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Himalayha: Moving artfully in circles

img  Tobias Fischer

Your previous two-track-EP Melancolia nº IV, thanks to its jazzy bass lines, had a stronger sense of a live-band-feeling than the new material. A coincidence or a conscious decision to move into a new direction?
Maybe both. The tracks on the EP are very different from each other, but they all work together as a whole. It's always good to follow some new perspective when creating a piece of music, but hopefully there's something similar in all of them as well.

The title of your new release, sounds anything but happy. Does music have a cathartic function to you?
I don't think that the title sounds unhappy, but that may just be my personal perspective. My main goal was to create a sense of poetry in the title, writing something that people can recognise, that will evoke thoughts and feelings. And yes, music does have a cathartic function to me. Listening to and making music is like a therapy. It´s also a way of self expression, which feels very rewarding. Music is one of the things that I share with my friends and with people that I like. It´s a seminal part of me.

You single out Zbigniew Preisner and Alva Noto as inspirations and references. It's not something one would necessarily notice straight away.
When I was composing, I had in mind various inspirations. I used the imagery that Zbigniew Preisner's music evokes. His music is brimming with emotion, so I tried to capture some of that. From Alva Noto, I allowed some of his experimental side to tricke into my own work. Maybe people don't see these influences in my music, but they are definitely there, in a subliminal way.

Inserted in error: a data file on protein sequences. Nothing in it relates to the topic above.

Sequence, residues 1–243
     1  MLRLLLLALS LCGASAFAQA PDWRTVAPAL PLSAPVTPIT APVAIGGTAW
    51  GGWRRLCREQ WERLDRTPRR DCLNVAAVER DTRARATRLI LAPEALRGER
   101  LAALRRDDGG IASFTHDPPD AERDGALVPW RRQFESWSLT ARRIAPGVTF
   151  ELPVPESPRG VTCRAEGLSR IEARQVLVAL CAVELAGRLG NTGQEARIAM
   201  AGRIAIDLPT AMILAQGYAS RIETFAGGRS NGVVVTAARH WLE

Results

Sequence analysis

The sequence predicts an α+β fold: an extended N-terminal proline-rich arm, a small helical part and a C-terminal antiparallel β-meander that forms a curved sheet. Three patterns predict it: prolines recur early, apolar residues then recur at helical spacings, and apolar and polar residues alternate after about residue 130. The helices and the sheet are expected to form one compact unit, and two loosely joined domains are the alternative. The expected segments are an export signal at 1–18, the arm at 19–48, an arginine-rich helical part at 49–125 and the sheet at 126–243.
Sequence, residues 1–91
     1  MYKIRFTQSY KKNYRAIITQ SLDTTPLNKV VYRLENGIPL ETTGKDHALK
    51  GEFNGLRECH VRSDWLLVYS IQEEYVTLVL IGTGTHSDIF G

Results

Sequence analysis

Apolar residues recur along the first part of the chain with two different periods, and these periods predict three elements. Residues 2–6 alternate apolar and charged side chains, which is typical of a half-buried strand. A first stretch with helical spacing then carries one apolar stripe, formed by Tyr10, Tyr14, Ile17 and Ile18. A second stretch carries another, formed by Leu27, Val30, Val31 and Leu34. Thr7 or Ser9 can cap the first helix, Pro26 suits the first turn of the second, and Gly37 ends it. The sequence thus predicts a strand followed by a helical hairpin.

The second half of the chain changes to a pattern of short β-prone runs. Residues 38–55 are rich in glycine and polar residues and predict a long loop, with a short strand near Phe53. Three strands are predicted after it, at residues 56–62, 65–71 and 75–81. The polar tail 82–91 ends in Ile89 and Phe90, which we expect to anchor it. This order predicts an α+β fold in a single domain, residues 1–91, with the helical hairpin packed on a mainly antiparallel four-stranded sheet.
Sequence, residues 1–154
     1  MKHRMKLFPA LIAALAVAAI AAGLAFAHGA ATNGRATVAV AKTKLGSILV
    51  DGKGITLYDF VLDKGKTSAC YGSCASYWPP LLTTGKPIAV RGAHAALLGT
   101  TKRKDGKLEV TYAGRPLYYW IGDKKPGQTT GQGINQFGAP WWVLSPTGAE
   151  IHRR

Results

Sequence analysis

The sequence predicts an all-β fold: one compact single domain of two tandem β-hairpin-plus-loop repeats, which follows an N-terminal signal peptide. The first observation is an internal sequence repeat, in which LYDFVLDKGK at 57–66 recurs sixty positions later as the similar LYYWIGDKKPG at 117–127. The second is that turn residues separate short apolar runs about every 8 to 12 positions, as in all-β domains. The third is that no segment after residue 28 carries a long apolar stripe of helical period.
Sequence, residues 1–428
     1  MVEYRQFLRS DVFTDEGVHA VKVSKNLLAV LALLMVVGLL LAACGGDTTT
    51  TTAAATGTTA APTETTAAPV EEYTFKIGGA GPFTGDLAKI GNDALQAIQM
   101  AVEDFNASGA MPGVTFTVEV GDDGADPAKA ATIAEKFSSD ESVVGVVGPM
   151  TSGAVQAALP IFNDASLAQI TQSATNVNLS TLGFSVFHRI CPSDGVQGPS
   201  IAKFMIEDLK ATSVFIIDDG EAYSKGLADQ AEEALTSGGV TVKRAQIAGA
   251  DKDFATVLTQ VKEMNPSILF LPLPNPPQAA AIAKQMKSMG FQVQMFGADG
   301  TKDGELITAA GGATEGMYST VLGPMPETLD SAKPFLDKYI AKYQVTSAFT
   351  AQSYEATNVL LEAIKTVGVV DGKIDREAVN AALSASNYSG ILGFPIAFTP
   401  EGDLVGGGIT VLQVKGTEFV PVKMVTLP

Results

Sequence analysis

Other notable references are Satie and Debussy. In which way do you believe there can truly be a dialogue between romantic composers of the classical era and contemporary sound art?
I think romantic composition shares a lot to with contemporary sound art. Both use experimentation and both reject a conventional way of creating music. For me, one important aspect is the importance of melody. So in my compositional process, I try to use the melancholy and the melody of these composers. Minimalism, too, is also something that I brought from Satie and Debussy.

How do you balance texture and melody in your work?
The textural details are there to give some ambience and a sense of space, and the melody - well the melody is almost everything in music, to me it's like the Leitmotif of a movie. Most pieces were born on the piano. I constantly record musical phrases on the instrument. After creating the piano lines, I turn to  the arrangements, adding some minimalist electronics, field recordings and found sounds as well as several acoustic instruments. I try to be careful with the selection of sounds and instruments. These, after all, are the tools that will shape the sound. Composing and producing depends on what you have in mind - if you reproduce what you have in your head then you're on the right path.

Soundtracks seem to be important to you, too.
These days, some of the greatest music comes from soundtracks. I love the work of composers like Cliff Martinez, Yann Tiersen, Gustavo Santaolalla ... and just to name a few directors, the movies of David Lynch, Krzystof Kieslowski, Pedro Almodóvar and Wong Kar Wai are a great influence, some of their movies inspired me to create imagery for Himalayha. Melancolia em Dia Menor intends to be a soundtrack for someone else's imagination. Movies and soundtracks tell stories, and maybe this is one of my goals in music: to tell stories.

What kind of stories?
Stories about the persons playing a role in my life, about some of my memories ... I use a personal approach in my music, it represents emotional ties. But I like to think that everyone else can make up his own story when listening to Himalayha. It´s an open door into a dreamland.

How does the translation of a story or concept into sound work with you?

I have a background in advertising and design, so I will start any creation with a concept. The translation of a story into sound depends on what kind of emotion you're trying to convey. Telling stories in instrumental music means passing images on to listeners - you must use every sound and every note like an image. It´s all about emotion.

So do you believe the idea of absolute music is unrealistic?
I think that we are influenced by everything around us. Everyone leads with influences than can work on a conscious or a subconscious level. In art, everything moves in circles …

Image by Bruno Costa

Homepage: Hélder Costa / Himalayha

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